By Gwen Sisson
When thinking about downtown Louisville, one of the key things that always stands out is the monument.
And after 93 years, the monument still holds a special place in the hearts of Louisville residents.
“In the heart of downtownLouisville, the monument represents a tribute to the Confederacy, Spanish-American soldiers and WWI veterans,” said Linda Skelton, director of the Winston County Chamber of Commerce as part of the Winston County Economic Development District Partnership. “People always say that you can’t go anywhere in Winston County without starting at the monument first.”
“To me the Winston County monument is a tribute, as well as a daily reminder, of the debt we owe to our veterans,” said Mike Peterson, president of the Winston County Board of Supervisors. “Particularly those who sacrificed their lives for the freedoms we enjoy.”
And Louisville Mayor Will Hill said it best, “the monument in downtown Louisville is truly THE landmark of Louisville, Mississippi.”
“Over the past few years we have made efforts to be consistent with the use of our logo,” Hill said. “The current logo for Louisville is on the web, the water tower, banners on the highway and downtown, welcome signs, correspondence, vehicles, etc. and the common and most recognizable feature of the logo is not the font but the silhouette of the monument. Anyone who has lived or visited Louisville recognizes the monument. The traffic flow or traffic laws around the monument may have changed over the years but the monument has remained the same.”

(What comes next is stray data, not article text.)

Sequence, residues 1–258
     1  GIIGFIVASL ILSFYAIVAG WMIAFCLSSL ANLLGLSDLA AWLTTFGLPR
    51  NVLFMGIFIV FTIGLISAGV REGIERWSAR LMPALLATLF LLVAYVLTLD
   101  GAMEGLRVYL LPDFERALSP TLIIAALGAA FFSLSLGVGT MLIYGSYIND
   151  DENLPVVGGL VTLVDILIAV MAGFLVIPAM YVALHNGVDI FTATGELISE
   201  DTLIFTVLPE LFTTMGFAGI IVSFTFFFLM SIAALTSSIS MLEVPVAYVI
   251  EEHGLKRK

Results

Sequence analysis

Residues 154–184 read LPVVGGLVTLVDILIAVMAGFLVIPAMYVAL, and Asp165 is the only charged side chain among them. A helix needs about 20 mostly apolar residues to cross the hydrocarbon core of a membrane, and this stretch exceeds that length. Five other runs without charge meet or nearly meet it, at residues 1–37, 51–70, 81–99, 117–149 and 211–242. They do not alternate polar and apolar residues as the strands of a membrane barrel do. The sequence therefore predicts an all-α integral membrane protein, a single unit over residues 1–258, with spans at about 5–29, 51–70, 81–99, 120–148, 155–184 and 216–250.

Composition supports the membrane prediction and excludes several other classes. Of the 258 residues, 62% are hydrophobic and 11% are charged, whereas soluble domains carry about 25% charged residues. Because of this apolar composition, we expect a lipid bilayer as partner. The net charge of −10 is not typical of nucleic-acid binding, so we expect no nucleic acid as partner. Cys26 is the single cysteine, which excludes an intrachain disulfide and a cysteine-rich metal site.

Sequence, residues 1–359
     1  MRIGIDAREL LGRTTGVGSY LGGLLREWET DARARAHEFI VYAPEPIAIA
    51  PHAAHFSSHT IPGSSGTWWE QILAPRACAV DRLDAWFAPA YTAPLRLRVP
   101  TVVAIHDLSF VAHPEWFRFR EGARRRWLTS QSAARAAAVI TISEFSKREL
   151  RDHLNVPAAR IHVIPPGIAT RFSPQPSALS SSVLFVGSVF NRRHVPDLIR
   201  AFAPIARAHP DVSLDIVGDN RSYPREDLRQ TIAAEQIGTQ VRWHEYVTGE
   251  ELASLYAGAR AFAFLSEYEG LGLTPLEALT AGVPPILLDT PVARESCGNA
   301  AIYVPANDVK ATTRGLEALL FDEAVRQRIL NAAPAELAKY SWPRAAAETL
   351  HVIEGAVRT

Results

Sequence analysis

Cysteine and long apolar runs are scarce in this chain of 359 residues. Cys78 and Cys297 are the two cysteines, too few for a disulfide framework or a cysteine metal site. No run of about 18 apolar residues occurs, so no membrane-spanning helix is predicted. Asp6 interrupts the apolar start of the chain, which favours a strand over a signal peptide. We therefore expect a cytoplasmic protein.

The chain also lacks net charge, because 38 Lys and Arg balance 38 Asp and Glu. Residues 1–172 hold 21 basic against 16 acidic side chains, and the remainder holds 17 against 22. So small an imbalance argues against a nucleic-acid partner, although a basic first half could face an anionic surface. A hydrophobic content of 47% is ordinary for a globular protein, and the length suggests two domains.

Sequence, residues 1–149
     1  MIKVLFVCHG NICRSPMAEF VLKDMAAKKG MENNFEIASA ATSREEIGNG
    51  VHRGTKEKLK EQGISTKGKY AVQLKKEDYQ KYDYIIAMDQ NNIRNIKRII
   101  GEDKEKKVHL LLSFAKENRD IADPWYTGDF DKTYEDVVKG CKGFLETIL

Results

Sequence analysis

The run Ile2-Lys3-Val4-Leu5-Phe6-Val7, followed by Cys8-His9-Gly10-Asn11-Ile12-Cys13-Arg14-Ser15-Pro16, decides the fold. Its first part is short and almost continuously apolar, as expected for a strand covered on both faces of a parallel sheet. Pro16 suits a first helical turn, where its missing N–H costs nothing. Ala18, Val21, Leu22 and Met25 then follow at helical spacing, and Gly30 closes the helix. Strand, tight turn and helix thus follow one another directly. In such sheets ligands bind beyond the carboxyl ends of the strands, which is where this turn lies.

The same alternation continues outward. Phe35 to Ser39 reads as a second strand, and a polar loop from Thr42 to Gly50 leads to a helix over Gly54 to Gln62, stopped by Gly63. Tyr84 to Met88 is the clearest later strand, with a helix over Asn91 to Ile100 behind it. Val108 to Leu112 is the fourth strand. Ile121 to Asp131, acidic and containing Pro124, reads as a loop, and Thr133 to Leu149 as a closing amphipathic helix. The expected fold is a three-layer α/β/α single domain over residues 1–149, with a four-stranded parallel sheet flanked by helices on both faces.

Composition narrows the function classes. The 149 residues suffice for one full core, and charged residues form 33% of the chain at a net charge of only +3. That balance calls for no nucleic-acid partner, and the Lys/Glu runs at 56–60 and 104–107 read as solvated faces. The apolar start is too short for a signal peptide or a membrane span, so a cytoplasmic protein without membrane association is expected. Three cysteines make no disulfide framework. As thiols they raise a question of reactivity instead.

Standing over downtown Louisville, the monument was the first of its kind in the state of Mississippi in honor of the veterans of the Confederacy, Spanish-American War and World War I. Funds were raised and it was agreed the monument would be located on Main Street and Columbus Avenue.
According to historical records, the corner stone was laid July 2, 1921, including the placement of a small metal box with a few items, including a copy of the veteran, the most recent edition of the Winston County Journal and some coins donated by some of the residents present at the small ceremony. The erection of the monument was completed on Wednesday, just in time for the unveiling ceremony.
The grand unveiling was held July 4, 1921 in downtown Louisville, where a special reunion was held for Confederate, Spanish-American and World War I Veterans.
According to historical records, “The Confederate, Spanish-American and World War Reunion held here on the glorious Fourth was a grand success in every particular. One of the largest crowds in the history of the town was present and everything went merry throughout the day, not even the customary shower of rain appeared to dampen the ardor, in fact, a shower would have been welcomed. The predominating feature of the Reunion was the unveiling of the handsome shaft erected on Main Street in memory of the gallant Confederate Soldiers and the young heroes of the Spanish-American and World Wars.”
The day was filled with a parade and a special dinner at the park “where a big dinner was spread for the young soldiers and the large crowd, the aged Veterans being served in the dining hall of the Baptist Church, where they claim to have received the nicest dinner and best attention they have ever enjoyed.”
The crowd present that day was estimated at 3,000 to 4,000 people, many from other towns and counties. According to historical records, “It is generally conceded that this was one of the most successful Reunions and most appropriately celebrated Fourth of July in the history of our county, and will be remembered especially by the old soldiers.